Recently, I saw an amazing post tweeted by Jeff Schuetze of JefBot fame. (I’ve talked about him before. He’s a fantastic actor whose comic strip has been a labor of love.) Seems his long-term survival job is now a thing of the past. I’ve had that happen. Many creatives have had that happen.

But here’s what separates the proverbial men from the boys, with this: Jeff’s reaction was (at least in his blog post) one of class, focus, excitement for the freedom ahead. Sure — like I did in my post-survival job post (and, to be fair, mine was a part-time gig, but it was the last bits of my actor survival job era to which I clung, and we all have to make a leap the second we lose ANYTHING close to the ONLY “regular gig” we’ve had) — Jeff talked about how hard this was gonna be for some folks and expressed his sadness over getting to spend time with these amazing folks with whom he had built relationships over the years. But at the CORE of Jeff’s post was a fantastic call to action FOR HIMSELF. It is time to go all-in.

Or as Steven Pressfield would say, it is time to turn pro.

I thought about Jeff and his sudden abundance of time to do things that had been waiting for “time” to get done. I wondered about my fellow creatives and whether they would, similarly, greet unexpectedly-granted free time with an embrace, thinking, “Yay! NOW I can finally update my website, edit my demo reel, submit to my targets… do all the things I couldn’t afford to do — time-management-wise — when I had that thrival job.”

Would you?

I’ve written before about how the economy has done artists a favor, because we have more in common with our loving (but generally misinformed) relatives now that they’re no longer living the “get out of college, start the nine-to-five gig, experience linear progression, have 40-years of promotions, get the gold-watch, cash in the retirement-fund, then REST” lifestyle they were sold back when they chose to go “the safe route” they STILL sometimes beg us to choose, when we, instead, move to Hollywood to join the circus.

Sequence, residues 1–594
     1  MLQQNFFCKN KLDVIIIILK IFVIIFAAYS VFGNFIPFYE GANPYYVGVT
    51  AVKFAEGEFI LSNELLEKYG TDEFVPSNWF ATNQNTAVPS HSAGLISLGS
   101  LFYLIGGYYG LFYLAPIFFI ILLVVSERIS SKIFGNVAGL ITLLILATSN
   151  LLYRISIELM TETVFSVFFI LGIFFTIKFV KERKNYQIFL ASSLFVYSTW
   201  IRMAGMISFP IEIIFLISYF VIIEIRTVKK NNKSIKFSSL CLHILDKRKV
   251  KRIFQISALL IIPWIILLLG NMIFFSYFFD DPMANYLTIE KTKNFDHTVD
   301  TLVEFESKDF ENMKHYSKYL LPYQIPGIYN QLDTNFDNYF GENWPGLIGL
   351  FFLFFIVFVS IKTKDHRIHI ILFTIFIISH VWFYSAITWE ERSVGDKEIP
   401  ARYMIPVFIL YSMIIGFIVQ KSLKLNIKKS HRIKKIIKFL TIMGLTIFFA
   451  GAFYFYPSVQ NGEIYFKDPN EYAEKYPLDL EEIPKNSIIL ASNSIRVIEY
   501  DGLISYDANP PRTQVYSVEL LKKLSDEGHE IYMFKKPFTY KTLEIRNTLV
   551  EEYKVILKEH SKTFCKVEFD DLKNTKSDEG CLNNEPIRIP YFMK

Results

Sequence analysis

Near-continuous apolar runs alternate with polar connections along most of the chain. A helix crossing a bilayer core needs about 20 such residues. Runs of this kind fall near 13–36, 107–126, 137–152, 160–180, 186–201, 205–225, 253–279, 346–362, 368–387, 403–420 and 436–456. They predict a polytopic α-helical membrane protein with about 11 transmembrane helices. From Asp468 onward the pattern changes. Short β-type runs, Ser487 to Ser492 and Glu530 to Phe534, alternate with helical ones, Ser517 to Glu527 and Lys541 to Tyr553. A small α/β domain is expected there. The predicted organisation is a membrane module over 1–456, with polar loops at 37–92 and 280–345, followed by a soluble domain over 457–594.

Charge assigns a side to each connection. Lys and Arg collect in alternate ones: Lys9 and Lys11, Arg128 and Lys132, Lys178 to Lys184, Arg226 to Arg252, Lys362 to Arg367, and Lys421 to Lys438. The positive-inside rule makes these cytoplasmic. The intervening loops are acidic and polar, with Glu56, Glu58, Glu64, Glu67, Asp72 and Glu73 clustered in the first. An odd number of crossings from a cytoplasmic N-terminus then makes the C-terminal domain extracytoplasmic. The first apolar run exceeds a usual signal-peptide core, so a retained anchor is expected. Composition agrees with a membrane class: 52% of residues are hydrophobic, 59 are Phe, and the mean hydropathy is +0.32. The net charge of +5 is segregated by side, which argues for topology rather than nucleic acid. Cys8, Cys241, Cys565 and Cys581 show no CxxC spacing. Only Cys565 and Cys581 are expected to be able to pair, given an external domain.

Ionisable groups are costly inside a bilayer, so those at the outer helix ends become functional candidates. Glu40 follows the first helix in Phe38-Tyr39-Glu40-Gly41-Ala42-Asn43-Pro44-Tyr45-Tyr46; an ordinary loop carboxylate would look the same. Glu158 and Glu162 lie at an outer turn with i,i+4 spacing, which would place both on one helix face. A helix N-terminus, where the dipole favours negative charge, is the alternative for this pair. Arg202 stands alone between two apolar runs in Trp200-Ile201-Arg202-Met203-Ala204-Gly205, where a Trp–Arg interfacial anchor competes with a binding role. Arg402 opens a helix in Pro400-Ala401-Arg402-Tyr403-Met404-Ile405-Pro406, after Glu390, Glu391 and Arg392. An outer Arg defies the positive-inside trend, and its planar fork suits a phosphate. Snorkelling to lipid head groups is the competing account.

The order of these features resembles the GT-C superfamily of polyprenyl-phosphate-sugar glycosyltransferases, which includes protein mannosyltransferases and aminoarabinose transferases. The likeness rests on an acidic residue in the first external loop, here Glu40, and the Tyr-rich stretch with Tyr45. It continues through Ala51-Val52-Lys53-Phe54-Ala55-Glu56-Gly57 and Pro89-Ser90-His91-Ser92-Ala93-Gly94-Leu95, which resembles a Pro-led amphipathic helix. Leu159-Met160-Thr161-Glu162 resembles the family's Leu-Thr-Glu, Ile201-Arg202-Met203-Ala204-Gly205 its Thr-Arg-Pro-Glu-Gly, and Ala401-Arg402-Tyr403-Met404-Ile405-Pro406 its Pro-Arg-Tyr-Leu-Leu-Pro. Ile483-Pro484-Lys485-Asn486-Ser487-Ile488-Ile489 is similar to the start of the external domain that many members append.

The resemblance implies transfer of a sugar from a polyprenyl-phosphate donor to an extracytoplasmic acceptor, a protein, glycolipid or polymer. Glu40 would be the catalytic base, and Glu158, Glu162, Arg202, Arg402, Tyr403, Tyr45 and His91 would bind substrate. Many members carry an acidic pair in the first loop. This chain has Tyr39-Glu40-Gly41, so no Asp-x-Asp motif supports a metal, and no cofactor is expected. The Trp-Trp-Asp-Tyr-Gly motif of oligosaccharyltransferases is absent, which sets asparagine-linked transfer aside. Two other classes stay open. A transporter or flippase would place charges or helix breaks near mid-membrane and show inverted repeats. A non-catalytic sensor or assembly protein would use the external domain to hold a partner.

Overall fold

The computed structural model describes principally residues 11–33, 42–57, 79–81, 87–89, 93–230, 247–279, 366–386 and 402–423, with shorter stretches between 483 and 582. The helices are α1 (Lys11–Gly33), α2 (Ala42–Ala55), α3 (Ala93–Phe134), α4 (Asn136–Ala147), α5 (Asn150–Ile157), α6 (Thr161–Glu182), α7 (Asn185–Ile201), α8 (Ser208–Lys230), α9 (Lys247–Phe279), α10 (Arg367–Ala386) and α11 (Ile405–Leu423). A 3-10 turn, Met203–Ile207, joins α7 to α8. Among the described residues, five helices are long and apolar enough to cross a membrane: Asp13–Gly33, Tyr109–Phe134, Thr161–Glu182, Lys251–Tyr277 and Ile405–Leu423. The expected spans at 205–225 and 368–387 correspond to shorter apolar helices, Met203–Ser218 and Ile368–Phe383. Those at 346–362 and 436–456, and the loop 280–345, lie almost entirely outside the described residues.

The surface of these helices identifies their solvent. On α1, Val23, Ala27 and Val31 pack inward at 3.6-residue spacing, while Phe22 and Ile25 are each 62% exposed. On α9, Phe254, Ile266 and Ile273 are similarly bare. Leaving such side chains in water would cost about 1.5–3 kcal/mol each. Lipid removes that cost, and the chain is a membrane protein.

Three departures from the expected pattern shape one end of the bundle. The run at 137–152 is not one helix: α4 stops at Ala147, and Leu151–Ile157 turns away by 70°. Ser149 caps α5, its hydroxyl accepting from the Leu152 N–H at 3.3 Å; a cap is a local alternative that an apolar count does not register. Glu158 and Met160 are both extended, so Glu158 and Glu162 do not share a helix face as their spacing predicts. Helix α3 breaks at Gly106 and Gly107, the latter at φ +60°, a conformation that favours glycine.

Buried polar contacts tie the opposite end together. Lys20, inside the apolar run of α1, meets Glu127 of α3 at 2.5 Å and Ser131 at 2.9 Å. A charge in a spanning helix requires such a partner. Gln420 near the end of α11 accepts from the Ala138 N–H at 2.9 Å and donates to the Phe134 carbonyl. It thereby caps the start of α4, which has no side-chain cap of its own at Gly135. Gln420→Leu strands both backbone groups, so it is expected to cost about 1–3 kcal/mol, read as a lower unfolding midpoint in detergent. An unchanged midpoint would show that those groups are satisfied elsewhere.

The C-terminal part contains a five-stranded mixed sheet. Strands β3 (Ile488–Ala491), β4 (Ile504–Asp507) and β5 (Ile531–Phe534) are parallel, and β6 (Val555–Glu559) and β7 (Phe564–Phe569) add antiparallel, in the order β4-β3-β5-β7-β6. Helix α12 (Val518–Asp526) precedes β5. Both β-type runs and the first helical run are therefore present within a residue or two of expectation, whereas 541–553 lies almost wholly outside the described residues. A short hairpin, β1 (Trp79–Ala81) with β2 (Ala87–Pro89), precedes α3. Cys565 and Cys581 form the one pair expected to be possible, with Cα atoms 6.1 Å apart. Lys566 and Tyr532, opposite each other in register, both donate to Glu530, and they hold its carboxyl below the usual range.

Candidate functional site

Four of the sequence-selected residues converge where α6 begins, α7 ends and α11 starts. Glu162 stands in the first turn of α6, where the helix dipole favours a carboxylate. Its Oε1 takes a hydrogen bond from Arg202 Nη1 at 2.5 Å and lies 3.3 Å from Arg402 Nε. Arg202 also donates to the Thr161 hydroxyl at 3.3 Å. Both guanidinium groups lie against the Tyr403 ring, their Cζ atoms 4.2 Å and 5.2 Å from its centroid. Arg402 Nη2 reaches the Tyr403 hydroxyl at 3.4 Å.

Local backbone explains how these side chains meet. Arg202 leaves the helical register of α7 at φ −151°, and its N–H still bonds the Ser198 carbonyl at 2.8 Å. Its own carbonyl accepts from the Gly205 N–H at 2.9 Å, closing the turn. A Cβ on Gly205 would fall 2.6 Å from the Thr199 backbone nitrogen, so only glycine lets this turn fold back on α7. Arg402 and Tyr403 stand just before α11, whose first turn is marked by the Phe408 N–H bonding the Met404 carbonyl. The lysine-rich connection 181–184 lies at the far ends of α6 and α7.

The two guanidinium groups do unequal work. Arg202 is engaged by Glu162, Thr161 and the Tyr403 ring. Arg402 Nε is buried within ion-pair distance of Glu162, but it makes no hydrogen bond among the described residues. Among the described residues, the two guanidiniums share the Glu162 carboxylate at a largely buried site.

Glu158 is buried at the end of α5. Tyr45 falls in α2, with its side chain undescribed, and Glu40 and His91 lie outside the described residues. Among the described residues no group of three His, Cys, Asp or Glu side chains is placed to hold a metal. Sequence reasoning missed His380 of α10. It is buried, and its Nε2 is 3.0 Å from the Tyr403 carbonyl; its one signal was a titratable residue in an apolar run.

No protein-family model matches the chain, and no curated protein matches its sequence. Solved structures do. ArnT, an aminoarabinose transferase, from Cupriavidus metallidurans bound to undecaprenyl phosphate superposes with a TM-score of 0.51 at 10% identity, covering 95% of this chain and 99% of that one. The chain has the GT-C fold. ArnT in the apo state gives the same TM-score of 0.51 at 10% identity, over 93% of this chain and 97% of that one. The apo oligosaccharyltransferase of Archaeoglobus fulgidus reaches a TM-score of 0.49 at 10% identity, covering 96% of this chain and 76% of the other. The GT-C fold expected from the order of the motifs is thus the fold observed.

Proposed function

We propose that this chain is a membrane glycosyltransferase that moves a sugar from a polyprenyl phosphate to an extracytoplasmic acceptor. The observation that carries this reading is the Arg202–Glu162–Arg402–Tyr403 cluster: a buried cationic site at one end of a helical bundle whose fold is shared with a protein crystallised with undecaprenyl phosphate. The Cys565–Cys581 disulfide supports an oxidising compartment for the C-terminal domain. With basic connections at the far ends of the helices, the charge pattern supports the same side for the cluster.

But what would you do if you suddenly had an abundance of time? And even if you didn’t, could you put yourself up to a challenge and get IT done? (“IT,” by the way, represents whatever it is you let languish, because you’re too busy slinging drinks, answering phones, ringing up purchases, attending staff meetings, or babysitting.)

Katie Cunningham tweeted me to say she had joined the NaNoWriMo challenge and was deep into her first writing day, and I thought about that kind of commitment, for 30 days. To show up. To wedge it into your schedule. To make it happen.

Then one of my favorite people in this industry (and in life), Jeff Greenstein, tweeted a link to Ken Levine‘s post about changing it up, and how freakin’ essential doing that IS in our industry, today. That reminded me of the importance of having a second act. Do you? Are you ready to stay relevant beyond your first shot at this?

Are you spending every damn second of downtime (and even stealing moments of downtime that don’t really exist in your schedule) to be SURE you have the endurance to make this creative career happen? To make it STICK after you get that first foot in the door?

In the end, your attitude is everything. Your ability to USE every moment to become a better version of yourself is all on you. For everything you say can’t be done due to someone else’s power in this industry, remember, there’s a shit-ton of time that’s allllll yours. Use it. Use the last few weeks of this gorgeous years to make a difference in where you stand.

Lemmeknow what you declare you can do! I’ll celebrate you in the Your Turn section of this awesome weekly column, as we close out 2012. You’ll have tens of thousands of fellow creatives holding you accountable. No pressure. 😉 Who’s up for the challenge?

Bonnie Gillespie is living her dreams by helping others figure out how to live theirs. Wanna work with Bon? Start here. Thanks!

Originally published by Actors Access at Please support the many wonderful resources provided by the Breakdown Services family. This posting is the author’s personal archive.

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